Independence, MO — Having just returned from a visit to Iowa, it appears the U.S. is heading for one of its biggest corn crops ever. We saw many thousands of acres of beautiful “waving fields” of corn. We also saw a total of one wind-powered electric turbine.

I couldn’t help but wonder just how much of this crop would end up as human food and how much would be directed toward producing ethanol to be burned up by my fellow Americans and me. Having been intimately active three years ago in a huge bio-diesel project in Ethiopia, it was a question I valiantly tried to research for an answer, but I soon discovered a finite answer is very complex and far beyond my pay grade.

However, we do know that upwards of 40 percent of today’s American corn is used to produce ethanol and that corn prices have more than doubled in recent years. This has diverted acreage from other crops and indirectly increased food prices worldwide.

Missouri’s Renewable Fuel Standard Act makes it obligatory for Missourians to use 10 percent ethanol in the gas we use in our cars, and there is a push to raise this to 15 percent. In Brazil the ratio is around 25 percent ethanol. In fact, Brazil and the United States are responsible for 88 percent of the world’s ethanol fuel production. That doesn’t make it economically or ethically right or wrong, but it certainly demonstrates the power of the ethanol lobby.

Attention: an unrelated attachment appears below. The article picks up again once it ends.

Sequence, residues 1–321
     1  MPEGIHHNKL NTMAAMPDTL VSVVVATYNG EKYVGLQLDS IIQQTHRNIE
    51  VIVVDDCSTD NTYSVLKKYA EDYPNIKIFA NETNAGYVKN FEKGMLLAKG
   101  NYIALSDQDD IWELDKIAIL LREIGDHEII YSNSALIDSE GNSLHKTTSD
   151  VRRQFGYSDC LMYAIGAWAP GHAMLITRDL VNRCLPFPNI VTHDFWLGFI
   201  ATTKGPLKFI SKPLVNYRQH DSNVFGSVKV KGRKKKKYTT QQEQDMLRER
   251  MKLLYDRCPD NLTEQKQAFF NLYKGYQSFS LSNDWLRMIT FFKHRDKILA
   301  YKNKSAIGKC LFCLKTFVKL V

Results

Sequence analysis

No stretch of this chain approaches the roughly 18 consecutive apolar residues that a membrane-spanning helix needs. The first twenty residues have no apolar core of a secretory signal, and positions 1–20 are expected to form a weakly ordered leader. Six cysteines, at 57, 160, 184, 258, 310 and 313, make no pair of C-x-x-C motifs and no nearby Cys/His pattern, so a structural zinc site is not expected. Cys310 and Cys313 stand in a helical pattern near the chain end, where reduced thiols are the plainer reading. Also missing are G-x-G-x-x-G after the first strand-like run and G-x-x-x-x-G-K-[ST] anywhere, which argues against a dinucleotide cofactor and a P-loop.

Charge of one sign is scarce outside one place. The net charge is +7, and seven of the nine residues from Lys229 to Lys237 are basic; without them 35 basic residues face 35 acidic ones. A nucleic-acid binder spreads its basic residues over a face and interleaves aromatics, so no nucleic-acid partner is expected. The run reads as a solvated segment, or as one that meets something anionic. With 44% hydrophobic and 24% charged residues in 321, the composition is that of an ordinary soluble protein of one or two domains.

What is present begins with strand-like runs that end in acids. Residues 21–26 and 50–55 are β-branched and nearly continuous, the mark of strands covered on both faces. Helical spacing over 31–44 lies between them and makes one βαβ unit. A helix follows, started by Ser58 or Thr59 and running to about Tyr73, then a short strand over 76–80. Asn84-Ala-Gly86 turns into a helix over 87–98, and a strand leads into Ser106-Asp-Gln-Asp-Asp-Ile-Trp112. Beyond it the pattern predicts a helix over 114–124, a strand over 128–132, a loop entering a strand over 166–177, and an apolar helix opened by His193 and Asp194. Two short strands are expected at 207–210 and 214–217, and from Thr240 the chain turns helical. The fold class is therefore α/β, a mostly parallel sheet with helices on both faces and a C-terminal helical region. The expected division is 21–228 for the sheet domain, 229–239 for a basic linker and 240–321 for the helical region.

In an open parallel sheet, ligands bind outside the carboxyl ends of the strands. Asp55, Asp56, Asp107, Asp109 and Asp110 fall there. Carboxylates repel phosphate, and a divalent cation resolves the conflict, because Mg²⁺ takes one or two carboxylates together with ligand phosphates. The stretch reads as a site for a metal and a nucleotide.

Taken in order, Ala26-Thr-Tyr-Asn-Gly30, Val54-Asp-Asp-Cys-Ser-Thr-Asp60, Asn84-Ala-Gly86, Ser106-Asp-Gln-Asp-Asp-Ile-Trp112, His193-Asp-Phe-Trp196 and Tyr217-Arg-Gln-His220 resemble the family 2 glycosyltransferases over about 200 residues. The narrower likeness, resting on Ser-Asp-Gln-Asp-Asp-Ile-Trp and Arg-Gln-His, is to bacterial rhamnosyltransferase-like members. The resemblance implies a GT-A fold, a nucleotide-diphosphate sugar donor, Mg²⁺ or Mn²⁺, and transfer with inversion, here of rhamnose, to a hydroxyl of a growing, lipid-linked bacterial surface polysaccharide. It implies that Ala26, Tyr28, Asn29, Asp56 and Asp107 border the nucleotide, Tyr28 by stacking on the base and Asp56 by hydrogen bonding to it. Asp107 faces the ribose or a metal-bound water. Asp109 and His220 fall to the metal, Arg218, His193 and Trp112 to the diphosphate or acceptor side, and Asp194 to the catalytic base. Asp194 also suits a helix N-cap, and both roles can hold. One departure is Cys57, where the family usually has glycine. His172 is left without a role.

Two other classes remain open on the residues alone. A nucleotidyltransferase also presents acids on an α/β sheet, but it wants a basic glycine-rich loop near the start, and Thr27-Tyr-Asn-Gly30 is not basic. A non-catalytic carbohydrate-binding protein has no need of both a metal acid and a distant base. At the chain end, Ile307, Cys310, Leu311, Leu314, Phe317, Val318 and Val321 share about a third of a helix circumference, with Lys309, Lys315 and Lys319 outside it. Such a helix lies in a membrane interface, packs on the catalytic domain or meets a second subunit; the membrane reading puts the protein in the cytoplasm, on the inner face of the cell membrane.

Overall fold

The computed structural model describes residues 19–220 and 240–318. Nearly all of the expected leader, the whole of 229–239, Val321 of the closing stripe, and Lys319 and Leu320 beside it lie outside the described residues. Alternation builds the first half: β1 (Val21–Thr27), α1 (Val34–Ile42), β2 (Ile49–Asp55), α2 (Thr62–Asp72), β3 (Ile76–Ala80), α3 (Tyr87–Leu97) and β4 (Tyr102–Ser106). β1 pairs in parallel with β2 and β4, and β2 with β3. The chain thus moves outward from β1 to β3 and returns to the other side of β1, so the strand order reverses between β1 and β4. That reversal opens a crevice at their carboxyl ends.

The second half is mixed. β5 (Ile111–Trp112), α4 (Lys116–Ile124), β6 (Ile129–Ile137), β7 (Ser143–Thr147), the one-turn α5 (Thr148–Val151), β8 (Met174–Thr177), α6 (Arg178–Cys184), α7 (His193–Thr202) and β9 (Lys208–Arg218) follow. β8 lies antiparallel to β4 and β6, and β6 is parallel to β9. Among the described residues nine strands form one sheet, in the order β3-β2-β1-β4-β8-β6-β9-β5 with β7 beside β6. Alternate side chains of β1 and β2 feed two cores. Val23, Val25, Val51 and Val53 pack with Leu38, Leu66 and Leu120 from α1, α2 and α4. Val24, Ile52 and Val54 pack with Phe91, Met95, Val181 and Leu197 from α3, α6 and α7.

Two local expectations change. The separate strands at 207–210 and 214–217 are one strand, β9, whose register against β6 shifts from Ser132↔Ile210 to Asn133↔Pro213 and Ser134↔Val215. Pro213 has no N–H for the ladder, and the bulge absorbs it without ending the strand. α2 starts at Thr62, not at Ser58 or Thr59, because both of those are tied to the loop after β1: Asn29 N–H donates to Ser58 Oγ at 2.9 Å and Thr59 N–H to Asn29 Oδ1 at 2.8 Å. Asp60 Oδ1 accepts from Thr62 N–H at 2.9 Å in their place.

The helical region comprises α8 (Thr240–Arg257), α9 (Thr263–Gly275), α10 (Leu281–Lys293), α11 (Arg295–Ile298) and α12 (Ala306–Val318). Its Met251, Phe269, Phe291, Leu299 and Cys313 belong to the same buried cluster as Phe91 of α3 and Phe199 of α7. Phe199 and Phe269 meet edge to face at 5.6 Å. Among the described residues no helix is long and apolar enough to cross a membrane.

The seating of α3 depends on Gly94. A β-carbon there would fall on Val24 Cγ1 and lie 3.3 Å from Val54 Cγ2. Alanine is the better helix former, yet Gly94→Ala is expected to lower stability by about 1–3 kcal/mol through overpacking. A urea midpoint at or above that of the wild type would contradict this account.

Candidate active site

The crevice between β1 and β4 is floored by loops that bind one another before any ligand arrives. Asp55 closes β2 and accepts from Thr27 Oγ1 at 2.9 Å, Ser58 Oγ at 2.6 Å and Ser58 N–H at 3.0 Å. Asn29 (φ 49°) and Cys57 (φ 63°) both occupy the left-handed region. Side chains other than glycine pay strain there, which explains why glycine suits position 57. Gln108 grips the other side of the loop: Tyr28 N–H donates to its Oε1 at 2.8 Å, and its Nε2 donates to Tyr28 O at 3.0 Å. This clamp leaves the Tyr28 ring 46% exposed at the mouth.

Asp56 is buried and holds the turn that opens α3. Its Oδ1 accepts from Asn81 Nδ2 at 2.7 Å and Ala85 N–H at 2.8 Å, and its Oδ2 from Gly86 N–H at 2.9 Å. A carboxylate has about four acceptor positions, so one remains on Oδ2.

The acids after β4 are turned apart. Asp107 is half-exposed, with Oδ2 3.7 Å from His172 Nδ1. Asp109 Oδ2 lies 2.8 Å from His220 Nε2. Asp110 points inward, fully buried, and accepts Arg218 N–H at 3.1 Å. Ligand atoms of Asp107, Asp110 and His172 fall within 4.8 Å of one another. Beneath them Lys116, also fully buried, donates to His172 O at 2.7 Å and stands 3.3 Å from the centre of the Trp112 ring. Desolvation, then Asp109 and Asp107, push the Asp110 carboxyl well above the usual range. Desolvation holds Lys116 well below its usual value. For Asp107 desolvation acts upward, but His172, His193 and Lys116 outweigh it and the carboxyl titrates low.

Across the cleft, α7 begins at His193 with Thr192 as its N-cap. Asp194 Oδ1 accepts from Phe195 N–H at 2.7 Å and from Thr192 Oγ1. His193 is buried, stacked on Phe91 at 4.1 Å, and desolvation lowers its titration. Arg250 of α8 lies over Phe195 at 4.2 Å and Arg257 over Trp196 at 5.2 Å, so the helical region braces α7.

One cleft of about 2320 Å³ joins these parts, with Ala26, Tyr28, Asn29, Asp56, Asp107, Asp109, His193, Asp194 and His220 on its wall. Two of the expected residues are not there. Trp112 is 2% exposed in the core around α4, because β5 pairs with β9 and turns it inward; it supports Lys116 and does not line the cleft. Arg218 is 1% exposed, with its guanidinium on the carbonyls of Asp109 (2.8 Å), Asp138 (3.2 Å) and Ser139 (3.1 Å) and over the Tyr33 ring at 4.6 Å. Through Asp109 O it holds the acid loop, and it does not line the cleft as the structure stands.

But commercially produced ethanol is not without its critics. David Pimental of Cornell University claims the combined energy to create one gallon of ethanol is 131,000 BTUs. Inasmuch as one gallon produces only 77,000 BTUs of energy there is a net energy loss of 54,000 BTUs.

“Abusing our precious croplands,” he says, “to grow corn for an energy-inefficient process that yields low-grade automobile fuel amounts to unsustainable, subsidized food burning.”

No one can say where will lead. But it is safe to say there is something disturbing about 6 percent of the world’s population – the U.S. – using more than five times the energy and food resources per capita than that used by the other humans who share space on this same globe.



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